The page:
Email Personalization and Segmentation For Financial Services

Email
July 1, 2020
Financial Services

Key Takeaways

Send emails frequently, but in small batches: While PayPal may send email campaign volumes under 1% of their total email list size, they are sending out multiple email batches in a day, sometimes up to 10+ emails.

Monitor reader email reading behaviour: Aside from segmenting customers by usage behaviour, PayPal also identifies segments of customers who respond well to varying lengths of email. This can be done by seeing how frequently a CTA/link is clicked on near the bottom of the email (to identify who has read the full email).

A/B testing subject lines: Even with identical email content, PayPal A/B tests their subject lines, which helps inform their future email subject line crafting. As seen in the examples, slight language changes can make a large difference in read rates.

Turn popular site links into email CTAs: PayPal identified their “reset password” page as one of their most frequently visited and used that information to help lessen the barrier for non-frequent PayPal users to re-engage with their platform by creating a CTA that goes at the bottom of general emails. Consider turning popular pages of your website into CTAs or icons at the bottom of your emails for quick access.

In April, PayPal saw a +17% increase via email web traffic despite sending -46% less emails that month. 

They would then continue to see stable email web traffic over the next 6 months even as they steadily increased email volumes (average +22% monthly).

By August, the email send volume was only +8% more than in April but email web traffic was +19% higher, showing that higher email volume does not always translate into higher email web traffic.

Rather than relying on sending more emails to get more email web traffic, PayPal heavily segments and customizes their campaigns, with send volumes of less than 1% of their total list size each month.

In August, PayPal sent out 7 different email campaigns on the same day, each with varying subject lines and content and send volumes under 250K.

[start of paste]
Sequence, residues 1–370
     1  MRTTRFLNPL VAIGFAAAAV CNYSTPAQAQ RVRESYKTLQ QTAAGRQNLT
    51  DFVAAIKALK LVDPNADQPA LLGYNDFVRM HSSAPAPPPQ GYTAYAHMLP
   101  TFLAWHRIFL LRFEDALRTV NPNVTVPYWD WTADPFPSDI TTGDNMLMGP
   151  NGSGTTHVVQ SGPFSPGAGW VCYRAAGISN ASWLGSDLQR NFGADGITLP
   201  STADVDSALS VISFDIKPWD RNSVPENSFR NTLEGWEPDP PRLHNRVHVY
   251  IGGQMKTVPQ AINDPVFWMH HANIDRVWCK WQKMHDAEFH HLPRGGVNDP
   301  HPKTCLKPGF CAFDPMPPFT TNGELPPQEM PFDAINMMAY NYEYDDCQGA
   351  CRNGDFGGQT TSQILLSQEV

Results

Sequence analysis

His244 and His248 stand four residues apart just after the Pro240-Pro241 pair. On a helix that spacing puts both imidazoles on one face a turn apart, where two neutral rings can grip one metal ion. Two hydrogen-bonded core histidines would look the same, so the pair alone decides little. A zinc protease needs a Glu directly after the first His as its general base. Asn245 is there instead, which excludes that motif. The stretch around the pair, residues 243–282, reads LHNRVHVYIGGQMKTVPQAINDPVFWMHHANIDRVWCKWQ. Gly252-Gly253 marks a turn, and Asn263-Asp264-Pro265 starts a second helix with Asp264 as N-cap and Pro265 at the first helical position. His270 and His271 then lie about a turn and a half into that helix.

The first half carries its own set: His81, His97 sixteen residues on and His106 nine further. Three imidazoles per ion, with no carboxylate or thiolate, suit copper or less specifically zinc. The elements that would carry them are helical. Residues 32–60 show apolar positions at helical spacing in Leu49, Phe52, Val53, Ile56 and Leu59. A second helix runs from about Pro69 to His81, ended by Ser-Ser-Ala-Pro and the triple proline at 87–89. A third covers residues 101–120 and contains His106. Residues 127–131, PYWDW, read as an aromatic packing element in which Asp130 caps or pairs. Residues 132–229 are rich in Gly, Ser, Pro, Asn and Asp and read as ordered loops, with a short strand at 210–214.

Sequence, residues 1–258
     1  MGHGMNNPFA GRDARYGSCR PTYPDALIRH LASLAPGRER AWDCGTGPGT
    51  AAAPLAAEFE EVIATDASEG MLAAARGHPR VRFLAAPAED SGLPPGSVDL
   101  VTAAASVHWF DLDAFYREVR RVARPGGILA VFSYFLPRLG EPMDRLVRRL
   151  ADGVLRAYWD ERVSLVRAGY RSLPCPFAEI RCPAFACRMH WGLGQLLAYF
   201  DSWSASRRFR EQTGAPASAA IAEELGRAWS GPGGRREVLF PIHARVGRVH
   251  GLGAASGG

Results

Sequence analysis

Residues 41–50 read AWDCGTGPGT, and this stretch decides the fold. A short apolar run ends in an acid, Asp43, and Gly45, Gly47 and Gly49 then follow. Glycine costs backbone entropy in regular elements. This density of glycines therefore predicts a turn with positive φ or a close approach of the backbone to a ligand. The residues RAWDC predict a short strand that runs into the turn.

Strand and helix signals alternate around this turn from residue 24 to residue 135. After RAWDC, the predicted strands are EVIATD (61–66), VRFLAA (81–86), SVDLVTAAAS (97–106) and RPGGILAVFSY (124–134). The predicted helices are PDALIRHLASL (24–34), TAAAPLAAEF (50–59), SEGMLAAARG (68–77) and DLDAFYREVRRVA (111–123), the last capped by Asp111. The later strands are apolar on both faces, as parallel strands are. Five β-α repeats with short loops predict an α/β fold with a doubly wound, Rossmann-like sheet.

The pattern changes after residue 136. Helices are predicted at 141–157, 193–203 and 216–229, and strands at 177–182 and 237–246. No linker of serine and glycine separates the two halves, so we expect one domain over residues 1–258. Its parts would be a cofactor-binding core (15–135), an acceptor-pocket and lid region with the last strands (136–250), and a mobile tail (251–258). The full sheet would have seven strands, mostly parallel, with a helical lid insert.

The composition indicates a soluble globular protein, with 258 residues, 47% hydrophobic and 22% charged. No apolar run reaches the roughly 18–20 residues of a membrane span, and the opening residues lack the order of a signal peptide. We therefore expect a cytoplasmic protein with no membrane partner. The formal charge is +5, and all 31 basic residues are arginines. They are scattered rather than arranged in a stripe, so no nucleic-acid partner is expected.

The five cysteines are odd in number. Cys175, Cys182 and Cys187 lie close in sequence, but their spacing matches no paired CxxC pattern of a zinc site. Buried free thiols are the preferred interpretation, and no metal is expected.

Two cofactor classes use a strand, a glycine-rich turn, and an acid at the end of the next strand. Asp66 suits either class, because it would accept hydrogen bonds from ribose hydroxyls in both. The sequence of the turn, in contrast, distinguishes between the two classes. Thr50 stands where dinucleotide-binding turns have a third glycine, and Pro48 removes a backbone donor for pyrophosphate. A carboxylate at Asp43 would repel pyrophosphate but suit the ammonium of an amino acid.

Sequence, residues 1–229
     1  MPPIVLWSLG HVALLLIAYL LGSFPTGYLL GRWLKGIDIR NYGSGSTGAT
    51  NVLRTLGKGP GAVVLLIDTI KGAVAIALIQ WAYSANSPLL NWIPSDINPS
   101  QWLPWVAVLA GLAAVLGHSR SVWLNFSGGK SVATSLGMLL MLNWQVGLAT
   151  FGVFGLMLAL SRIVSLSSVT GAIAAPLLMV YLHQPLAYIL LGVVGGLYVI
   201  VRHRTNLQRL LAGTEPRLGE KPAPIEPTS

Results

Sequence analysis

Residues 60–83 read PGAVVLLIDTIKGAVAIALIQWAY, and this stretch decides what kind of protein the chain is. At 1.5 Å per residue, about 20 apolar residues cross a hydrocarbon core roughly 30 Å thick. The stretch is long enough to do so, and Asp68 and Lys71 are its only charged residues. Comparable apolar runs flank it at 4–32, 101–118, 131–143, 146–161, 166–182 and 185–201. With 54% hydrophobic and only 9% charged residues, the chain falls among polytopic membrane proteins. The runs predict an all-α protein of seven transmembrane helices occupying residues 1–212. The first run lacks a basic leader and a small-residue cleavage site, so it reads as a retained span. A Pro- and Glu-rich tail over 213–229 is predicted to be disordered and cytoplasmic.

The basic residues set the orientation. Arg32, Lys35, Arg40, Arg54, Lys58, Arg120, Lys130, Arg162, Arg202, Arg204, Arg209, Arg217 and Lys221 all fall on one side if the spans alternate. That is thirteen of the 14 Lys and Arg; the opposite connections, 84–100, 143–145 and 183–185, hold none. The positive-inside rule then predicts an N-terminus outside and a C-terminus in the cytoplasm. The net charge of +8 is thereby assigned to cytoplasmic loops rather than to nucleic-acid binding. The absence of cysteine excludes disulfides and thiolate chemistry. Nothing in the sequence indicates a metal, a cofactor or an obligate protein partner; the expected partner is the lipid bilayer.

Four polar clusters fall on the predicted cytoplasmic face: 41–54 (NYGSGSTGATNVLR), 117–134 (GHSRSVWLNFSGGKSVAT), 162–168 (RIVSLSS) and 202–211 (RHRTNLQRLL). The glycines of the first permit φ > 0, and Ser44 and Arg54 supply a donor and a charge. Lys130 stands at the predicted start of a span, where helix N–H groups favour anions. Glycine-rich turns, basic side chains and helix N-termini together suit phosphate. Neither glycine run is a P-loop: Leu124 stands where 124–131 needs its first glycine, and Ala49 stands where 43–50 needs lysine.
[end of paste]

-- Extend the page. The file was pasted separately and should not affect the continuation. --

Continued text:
Examples of best practices that PayPal employed for this particular send include...

1. Segmenting audience by usage behaviour:

  • For users who regularly use PayPal to send money to friends, family, and other users, PayPal targets them with a custom email that totes the ease of money transfer via their tools.
  • For users who regularly use PayPal to make purchases, PayPal sends them an email that highlights the benefits of PayPal (i.e. multiple ways to pay, rewards and cashback options, and more)

2. Segmenting audience by email behaviour:

  • PayPal plays with varying lengths of similar emails; both the emails on the left would be targeted to purchase-heavy audiences. However, unlike the longer length email from the example before, both these emails are shorter and more concise.
  • This suggests that PayPal also segments their audience depending on the email reading behaviour. For readers to respond well to long emails (i.e. have high click-through rate on CTAs near the bottom of long emails), they get the longer version; for the opposite, they get a shorter version.


For Mother’s Day, PayPal sent out 4 identical Mother’s Day emails to different audiences, with the only difference being the subject lines.

Although unrelated to segmenting, a unique feature in PayPal’s more general emails is the inclusive of a prominent “reset password” CTA.

Use of popular sitelinks:

  • Although these campaigns contain different content and are targeted to different audience groups, they all end with a password reset button at the bottom. 
  • The “forgot password” feature is likely a popular site function for non-frequent users of PayPal; as such, to lessen the barrier of re-engaging users to use their service, PayPal conveniently places a “reset password” CTA in their emails to encourage users to login. Add to the fact that most password reset steps require an email verification, it makes even more sense to target these customers while they are already in their inboxes.
  • As online banking becomes more widely used, the chances to customers forgetting their password becomes higher; considering monitoring customer site behaviour and how often customers reset their password


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